Tag Archives: webmaster

7 Tips for Setting WordPress User Roles

First, a brief introduction to WordPress user roles. There are 5 basic user roles on WordPress. Here’s a very basic breakdown of what each role has access to:

Administrator – Has access to all administrative options and features.
Editor – Can add/edit/delete posts.
Author – Can add/edit/delete their own posts, but not the posts of others. Can upload media.
Contributor – Can write and edit posts and submit them for review. Cannot publish posts and cannot upload media.
Subscriber – Can change their own profile and leave comments, but generally has no other capabilities.

7 Tips for Setting WordPress User Roles

Here are my top 7 tips for setting WordPress user roles for your website.

  1. There must always be at least one admin user. When WordPress is installed, an admin account will be automatically created through the installation process.
    Do not use a user name like ‘admin’ or ‘user’ or ‘wordpress’ for the sake of keeping your website secure. You should use a strong user name, and even stronger password. I like to use random.org/passwords to generate a password, and I add in a few random special characters to make it even stronger. Don’t use your birthday or your dog’s name. Read my article about choosing a secure password you can actually remember.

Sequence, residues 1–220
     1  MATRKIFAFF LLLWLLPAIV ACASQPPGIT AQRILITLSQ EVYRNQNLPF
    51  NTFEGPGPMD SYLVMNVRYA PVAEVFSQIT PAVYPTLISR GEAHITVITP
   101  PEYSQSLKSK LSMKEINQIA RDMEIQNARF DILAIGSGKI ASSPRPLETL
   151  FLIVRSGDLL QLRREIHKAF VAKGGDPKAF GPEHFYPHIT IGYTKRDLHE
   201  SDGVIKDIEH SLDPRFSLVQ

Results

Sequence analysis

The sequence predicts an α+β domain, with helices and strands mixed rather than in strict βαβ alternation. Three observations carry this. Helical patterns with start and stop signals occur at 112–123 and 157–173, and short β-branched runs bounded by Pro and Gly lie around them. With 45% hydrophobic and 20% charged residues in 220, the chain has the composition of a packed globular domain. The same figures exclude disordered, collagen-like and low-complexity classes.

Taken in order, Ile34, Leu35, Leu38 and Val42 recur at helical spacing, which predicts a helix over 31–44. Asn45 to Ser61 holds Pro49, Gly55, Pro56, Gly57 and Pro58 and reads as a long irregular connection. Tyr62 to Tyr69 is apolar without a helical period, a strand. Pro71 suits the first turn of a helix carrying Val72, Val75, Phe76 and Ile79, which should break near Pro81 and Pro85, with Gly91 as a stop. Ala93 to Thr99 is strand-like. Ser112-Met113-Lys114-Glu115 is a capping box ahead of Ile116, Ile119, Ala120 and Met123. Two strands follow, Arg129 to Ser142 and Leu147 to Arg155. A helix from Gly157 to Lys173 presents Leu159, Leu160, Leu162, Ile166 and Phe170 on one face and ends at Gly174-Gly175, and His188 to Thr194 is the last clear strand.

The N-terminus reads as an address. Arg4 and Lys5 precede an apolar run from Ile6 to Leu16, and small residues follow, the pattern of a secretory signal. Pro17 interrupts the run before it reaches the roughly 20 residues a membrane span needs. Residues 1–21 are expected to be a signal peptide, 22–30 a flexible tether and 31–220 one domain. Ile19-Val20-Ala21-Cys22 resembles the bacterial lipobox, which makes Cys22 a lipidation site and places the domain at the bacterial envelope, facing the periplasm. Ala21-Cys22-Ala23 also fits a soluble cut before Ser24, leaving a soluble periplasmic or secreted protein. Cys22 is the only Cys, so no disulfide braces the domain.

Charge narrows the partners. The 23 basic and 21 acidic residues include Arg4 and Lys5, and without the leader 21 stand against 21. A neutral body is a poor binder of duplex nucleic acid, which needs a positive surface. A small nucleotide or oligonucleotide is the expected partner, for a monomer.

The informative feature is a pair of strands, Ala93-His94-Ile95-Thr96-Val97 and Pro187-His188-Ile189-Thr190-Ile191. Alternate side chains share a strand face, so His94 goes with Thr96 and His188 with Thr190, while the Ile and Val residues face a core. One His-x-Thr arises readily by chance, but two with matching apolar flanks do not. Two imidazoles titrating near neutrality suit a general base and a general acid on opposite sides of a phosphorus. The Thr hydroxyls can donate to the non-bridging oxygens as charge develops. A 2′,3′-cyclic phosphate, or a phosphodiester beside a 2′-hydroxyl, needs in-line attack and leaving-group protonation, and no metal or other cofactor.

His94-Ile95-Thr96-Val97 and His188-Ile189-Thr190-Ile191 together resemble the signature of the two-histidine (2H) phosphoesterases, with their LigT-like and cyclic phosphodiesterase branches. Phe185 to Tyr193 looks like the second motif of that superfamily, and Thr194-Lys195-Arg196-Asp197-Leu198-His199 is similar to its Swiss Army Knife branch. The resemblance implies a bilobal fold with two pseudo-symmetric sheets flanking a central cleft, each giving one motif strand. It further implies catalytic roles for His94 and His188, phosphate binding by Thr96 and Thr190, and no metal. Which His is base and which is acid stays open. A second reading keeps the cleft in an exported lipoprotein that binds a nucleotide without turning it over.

2. Use your admin account for admin tasks only! Set up a separate editor account for writing posts and pages if you’ll be doing some of your own writing.
  3. Beware of too many chefs. Keep the number of admins as low as possible. If you are the site owner, you may want to limit your site to 2 admin roles – one for you, and one for your webmaster.
  4. When adding a new writer to your staff, start them out as a Contributor and have a more seasoned editor reviewing their content before posting.
  5. Be aware that editors can publish pages and posts, so only hand out this role when you trust the content a user is writing is going to represent your business well. Graduate your writers from Contributor to Author. Only your top writers should be Editors.
  6. Grant non-technical support staff the level of Editor as the highest level of access.
  7. Remember that admins have equal power over your website, and even the best intentioned people, when inexperienced, can cause harm to your site. Think of your admin account like the keys to your office.

I hope these tips have helped you to better understand WordPress user roles, and have given you some helpful tips on how to most effectively set user roles on your WordPress website.

Questions? Leave a comment or drop me a note to let me know how I can help.